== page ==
Those 14 points were nearly enough to win, too. The Patriots took a 14-10 lead late in the fourth quarter on a six-yard touchdown toss to Randy Moss, then looked to have the game wrapped up when an Eli Manning pass wound up in the hands of All-Pro cornerback Asante Samuel. But Samuel couldn’t corral the ball, and his drop gave New York new life. The opportunity led to this display of all-time wizardry from Manning and David Tyree.
Four plays later, an end zone fade route to Plaxico Burress gave the Giants a dramatic win and erased New England’s bid to be the greatest team of all time.
3. Super Bowl LII: Eagles 41, Patriots 33
It looked like the Patriots were going to pull off a classic late-game comeback. New England took their first lead of the game with just over nine minutes left to play. But the underdog Eagles, led by backup quarterback Nick Foles, were relentless. They took a 38-33 lead back with just over two minutes remaining, then forced a rare Tom Brady fumble and recovered it. The Eagles turned that into three more points, taking a 41-33 lead, and held off the Patriots offense to get the first Super Bowl win in franchise history.
2. Super Bowl XLIX: Patriots 28, Seahawks 24
Malcolm Butler had a bad game against the Falcons on Sunday. He could have stood at midfield singing campfire songs for 60 minutes and it still would have been a net win for New England. The undrafted cornerback’s end zone interception of Russell Wilson preserved the Patriots’ fourth Super Bowl win and may be the most clutch play in Super Bowl history.
Butler’s play is the headliner, but Brady’s ability to drive his team back from a 10-point fourth-quarter deficit was the true difference maker. The veteran quarterback had played poorly early, even taking points off the scoreboard with an ill-advised interception in the end zone. Then, with the game on the line, he completed 14 of his final 16 passes to lead New England to a pair of touchdowns and set up Butler’s heroic pick.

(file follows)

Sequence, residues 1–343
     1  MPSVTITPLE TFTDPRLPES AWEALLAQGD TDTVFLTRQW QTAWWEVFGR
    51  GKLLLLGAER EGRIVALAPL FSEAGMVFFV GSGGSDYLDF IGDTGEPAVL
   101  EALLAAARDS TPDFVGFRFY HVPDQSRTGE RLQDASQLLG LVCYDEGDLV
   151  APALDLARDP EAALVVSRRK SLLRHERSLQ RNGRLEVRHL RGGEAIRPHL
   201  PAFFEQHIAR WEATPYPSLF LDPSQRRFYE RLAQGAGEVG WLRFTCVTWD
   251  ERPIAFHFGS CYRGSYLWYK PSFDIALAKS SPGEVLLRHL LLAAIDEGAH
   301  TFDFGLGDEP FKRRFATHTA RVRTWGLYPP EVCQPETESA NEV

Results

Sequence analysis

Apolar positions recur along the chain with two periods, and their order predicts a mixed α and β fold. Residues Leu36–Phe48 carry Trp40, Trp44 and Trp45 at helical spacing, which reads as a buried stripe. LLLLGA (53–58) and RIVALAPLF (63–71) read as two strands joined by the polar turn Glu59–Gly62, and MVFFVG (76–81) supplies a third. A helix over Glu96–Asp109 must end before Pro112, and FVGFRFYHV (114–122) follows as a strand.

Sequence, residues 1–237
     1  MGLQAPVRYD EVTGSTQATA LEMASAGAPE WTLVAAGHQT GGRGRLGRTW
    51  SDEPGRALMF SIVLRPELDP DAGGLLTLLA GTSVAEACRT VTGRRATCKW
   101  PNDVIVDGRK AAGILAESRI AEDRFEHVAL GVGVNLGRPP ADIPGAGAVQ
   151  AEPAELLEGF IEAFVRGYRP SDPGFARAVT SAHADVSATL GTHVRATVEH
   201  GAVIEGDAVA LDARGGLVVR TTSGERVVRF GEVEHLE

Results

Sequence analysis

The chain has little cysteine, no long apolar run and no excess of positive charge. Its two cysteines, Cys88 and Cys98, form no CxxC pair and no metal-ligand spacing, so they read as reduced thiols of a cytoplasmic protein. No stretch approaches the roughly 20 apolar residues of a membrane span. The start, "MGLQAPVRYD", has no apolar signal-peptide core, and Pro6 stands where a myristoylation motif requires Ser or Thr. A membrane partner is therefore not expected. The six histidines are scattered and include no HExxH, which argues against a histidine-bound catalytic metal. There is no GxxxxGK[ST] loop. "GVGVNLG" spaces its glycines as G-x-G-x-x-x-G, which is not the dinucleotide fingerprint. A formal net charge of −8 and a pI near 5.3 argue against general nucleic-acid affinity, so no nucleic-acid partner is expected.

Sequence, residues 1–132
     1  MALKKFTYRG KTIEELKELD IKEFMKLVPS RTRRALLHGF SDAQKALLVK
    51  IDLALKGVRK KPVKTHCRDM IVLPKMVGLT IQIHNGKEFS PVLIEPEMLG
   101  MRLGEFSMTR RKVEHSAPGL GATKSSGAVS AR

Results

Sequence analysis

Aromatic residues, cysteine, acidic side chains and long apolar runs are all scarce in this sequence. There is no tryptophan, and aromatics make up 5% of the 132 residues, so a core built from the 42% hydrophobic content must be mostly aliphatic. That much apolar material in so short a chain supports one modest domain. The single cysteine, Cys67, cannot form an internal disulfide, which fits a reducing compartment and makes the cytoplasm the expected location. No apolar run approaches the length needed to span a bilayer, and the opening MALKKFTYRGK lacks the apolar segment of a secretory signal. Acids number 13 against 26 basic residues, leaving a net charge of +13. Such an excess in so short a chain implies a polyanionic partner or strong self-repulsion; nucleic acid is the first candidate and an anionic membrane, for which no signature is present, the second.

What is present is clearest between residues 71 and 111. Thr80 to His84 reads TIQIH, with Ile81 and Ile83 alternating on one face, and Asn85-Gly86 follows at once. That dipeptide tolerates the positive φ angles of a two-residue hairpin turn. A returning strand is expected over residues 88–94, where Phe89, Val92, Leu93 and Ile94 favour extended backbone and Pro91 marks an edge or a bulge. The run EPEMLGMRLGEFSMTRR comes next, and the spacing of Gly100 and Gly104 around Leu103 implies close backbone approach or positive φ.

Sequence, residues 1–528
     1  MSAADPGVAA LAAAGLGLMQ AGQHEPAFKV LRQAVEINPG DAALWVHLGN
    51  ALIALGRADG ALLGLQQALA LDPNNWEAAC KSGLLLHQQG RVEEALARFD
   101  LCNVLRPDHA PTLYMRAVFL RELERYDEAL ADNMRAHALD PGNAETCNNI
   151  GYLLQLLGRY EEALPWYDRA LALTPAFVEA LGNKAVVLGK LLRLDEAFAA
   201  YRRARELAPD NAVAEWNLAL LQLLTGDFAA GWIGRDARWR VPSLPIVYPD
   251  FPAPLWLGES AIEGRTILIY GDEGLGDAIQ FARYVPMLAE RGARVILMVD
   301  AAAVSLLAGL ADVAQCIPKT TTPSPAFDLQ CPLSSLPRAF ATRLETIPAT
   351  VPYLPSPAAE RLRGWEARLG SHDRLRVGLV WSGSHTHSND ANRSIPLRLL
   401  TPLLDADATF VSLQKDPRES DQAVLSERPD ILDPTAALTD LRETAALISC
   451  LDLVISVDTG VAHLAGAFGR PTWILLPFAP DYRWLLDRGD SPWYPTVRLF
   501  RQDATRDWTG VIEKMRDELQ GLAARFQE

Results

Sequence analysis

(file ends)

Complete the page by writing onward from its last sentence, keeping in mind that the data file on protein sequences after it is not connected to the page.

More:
No Super Bowl has ever swung so wildly on a single play.
1. Super Bowl LI: Patriots 34, Falcons 28 (OT)
Didn’t think anything could top Butler’s dramatic interception? It turns out you’d need a game that tied or set 31 different Super Bowl records to do so. Brady looked like garbage in the first half; his passes came in soft and were strangely inaccurate for the legendary passer. A bullying Falcons pass rush kept him from getting comfortable and doing Brady things, even capitalizing on a misread for an 82-yard Robert Alford pick-six.
That changed in the second half. The Patriots shored up the holes in their offensive line and Brady went to work. A 28-3 deficit shrunk like plastic in the oven, aided by some questionable playcalling from Atlanta offensive coordinator Kyle Shanahan. As the clock wound down on an “everything has to go right” situation, every outcome came up New England.
As if the fates weren’t telegraphing the outcome enough, the Patriots even got their own version of Tyree’s helmet catch.
Brady kept completing passes, finding holes in the Atlanta secondary en route to a record 462 passing yards. James White, the unheralded third-down back who spent the season overshadowed by LeGarrette Blount and Dion Lewis, set his own title game record with 14 receptions. A defense that was gashed for 28 points in a 15:17 span went the final 27 minutes of the game without surrendering a single point.
No team in the NFL has ever done what the Patriots did in Super Bowl LI. At this juncture, those record breaking, sweaty-palmed, beer gripping performances are becoming the standard for which New England Super Bowls have become known.